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Pose Beiro v. Sharp

United States District Court, W.D. Virginia, Charlottesville Division

July 20, 2018

MARIA DEL PILAR POSE BEIRO, Plaintiff,
v.
LISA SHARP, et al, Defendants.

          MEMORANDUM OPINION

          Hon. Glen E. Conrad Senior United States District Judge

         Maria Del Pilar Pose Beiro, proceeding pro se, commenced this action by filing a form complaint against the CFA Institute and its legal counsel, Lisa Sharp. The plaintiff has not paid the filing fee but will be granted leave to proceed in forma pauperis for purposes of initial review of her complaint. For the following reasons, the court concludes that the case must be dismissed for lack of subject matter jurisdiction, pursuant to 28 U.S.C. § 1915(e)(2)(B) and Federal Rule of Civil Procedure 12(h)(3).

         Background

         According to the complaint, the plaintiff resides in London, England. She previously completed an exam offered through the CFA Institute in Charlottesville, Virginia. It appears that the plaintiff did not pass the exam. She alleges that the parties "verbally agreed" that she would receivea"retabulationwitharegradetoapass." Compl. 2, Docket No. 2. Although the plaintiff "recorded the conversation as proof of the verbal agreement, the defendants have advised her that "no regrade offer" was made and that "they do not want to regrade [the plaintiffs] exam." Id. The plaintiff indicates that she wants to receive a passing score so that she can proceed to the next level of the program.

         The form complaint includes a section regarding the "Basis for Jurisdiction." Id. at 3. In that section, the plaintiff indicates that she is invoking the court's federal question jurisdiction. Id. In response to a question regarding the statutory or constitutional provisions on which her complaint is based, the plaintiff cites to a provision of the Virginia Uniform Computer Information Transactions Act. See id (citing Virginia Code § 59.1-507.1, titled "Breach of contract; material breach"). The plaintiffs complaint does not specify an amount in controversy.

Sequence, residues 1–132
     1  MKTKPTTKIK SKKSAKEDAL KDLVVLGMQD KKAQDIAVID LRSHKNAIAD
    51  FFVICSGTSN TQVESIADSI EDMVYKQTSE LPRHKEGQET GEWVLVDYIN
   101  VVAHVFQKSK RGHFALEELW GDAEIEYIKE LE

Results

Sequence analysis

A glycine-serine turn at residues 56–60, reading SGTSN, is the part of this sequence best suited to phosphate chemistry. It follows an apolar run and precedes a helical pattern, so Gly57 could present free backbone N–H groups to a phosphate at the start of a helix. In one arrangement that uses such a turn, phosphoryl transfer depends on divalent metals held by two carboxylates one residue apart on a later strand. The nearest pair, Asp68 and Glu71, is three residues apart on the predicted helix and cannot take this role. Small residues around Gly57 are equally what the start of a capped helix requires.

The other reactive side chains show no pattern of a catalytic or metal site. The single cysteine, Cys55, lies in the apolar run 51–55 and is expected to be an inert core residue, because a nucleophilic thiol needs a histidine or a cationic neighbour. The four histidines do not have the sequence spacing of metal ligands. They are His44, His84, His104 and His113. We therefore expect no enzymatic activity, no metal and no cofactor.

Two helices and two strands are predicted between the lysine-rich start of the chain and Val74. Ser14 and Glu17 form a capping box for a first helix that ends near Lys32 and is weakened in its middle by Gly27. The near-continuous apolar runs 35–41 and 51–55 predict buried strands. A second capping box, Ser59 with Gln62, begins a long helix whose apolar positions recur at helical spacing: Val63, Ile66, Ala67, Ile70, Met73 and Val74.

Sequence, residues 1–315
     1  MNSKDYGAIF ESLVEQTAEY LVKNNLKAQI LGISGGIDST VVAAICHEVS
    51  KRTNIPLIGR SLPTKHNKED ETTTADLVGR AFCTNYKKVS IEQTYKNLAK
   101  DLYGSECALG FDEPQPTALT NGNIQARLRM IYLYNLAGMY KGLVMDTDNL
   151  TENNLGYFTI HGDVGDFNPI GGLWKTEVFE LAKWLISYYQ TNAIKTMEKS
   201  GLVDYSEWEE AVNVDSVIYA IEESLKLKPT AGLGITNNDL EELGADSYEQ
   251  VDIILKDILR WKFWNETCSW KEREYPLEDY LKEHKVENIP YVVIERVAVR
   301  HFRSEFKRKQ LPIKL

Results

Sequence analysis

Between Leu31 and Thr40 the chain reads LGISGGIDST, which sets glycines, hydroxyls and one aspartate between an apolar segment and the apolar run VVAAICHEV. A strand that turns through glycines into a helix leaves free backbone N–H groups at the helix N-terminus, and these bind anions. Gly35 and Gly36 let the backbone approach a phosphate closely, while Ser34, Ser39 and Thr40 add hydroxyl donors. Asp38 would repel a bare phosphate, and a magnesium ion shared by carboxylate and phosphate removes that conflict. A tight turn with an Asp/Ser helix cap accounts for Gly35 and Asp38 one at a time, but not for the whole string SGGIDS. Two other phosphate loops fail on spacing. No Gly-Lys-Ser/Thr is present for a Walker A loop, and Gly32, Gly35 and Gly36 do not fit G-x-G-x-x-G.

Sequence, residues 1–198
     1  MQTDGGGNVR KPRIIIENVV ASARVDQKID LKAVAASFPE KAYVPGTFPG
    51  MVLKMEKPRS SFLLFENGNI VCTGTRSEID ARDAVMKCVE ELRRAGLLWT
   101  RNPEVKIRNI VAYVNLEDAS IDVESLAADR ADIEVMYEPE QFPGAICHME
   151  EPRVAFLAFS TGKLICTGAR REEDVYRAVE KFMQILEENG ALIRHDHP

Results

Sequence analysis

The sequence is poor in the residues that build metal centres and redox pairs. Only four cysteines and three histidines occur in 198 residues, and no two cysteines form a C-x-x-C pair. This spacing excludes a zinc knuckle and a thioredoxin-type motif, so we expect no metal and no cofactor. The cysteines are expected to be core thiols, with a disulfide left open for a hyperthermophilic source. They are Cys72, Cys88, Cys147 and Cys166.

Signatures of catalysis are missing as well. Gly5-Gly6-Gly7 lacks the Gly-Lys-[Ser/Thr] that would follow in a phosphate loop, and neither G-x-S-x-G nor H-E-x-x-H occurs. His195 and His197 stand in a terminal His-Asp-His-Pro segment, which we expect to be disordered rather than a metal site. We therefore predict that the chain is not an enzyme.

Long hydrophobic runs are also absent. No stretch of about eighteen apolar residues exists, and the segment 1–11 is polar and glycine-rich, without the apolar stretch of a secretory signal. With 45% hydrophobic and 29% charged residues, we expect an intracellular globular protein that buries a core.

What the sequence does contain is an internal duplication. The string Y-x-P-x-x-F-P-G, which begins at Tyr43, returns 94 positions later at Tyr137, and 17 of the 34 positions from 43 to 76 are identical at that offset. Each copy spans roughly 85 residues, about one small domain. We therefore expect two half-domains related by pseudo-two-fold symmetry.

Standard of Review

         Under 28 U.S.C. § 1915(e), which governs in forma pauperis proceedings, the court has a mandatory duty to screen initial filings. Eriline Co. S.A. v. Johnson, 440 F.3d 648, 656-57 (4th Cir. 2006). The court must dismiss a case "at any time" if the court determines that the complaint is "frivolous" or "fails to state a claim on which relief may be granted." 28 U.S.C. § 1915(e)(2)(B).

         Additionally, pursuant to Rule 12(h)(3) of the Federal Rules of Civil Procedure, the court "must dismiss" an action "[i]f the court determines at any time that it lacks subject-matter jurisdiction." Fed.R.Civ.P. 12(h)(3). "[Q]uestions of subject-matter jurisdiction may be raised at any point during the proceedings and may (or, more precisely, must) be raised sua sponte by the court." Brickwood Contractors. Inc. v. Datanet Engineering. Inc.. 369 F.3d 385, 390 (4th Cir. 2004).

         Discussion

         Federal courts are courts of limited jurisdiction. "They possess only that power authorized by Constitution and statute." Kokkonen v. Guardian Life Ins. Co. of Am., 511 U.S. 375, 377 (1994). Generally, a case can be originally filed in a federal district court if there is federal question jurisdiction under 28 U.S.C. § 1331 or diversity of citizenship jurisdiction under 28 U.S.C. § 1332.

         Having reviewed the plaintiffs complaint, the court is constrained to conclude that it must be dismissed for lack of subject matter jurisdiction. The plaintiff has not alleged any violation of federal law that might support the exercise of jurisdiction under 28 U.S.C. § 1331, and the court is unable to discern any possible violation of federal law based upon the allegations contained in the complaint. See 28 U.S.C. § 1331 (limiting jurisdiction to claims "arising under the Constitution, laws or treaties of the United States"). Furthermore, the plaintiffs complaint fails to invoke the court's diversity jurisdiction under 28 U.S.C. § 1332, since it does not satisfy the threshold amount in controversy requirement. See 28 U.S.C. § 1332(a) (providing for diversity jurisdiction only "where the matter in controversy exceeds the sum or value of $75, 000"); see also Hammes v. AAMCO Transmissions, Inc., 33 F.3d 774, 778 (7th Cir. 1994) ("In a diversity case, ... it is not enough for the plaintiff to allege that the claim is within the diversity jurisdiction; the complaint must allege the citizenship of the parties and the amount in controversy.").

         Conclusion

         For the reasons stated, the court will grant the plaintiffs motion for leave to proceed in forma pauperis. However, her complaint will be dismissed without prejudice pursuant to 28 U.S.C. § 1915(e)(2)(B) and Federal Rule of Civil Procedure 12(h)(3).

         The Clerk is directed to send copies of this memorandum opinion and the ...


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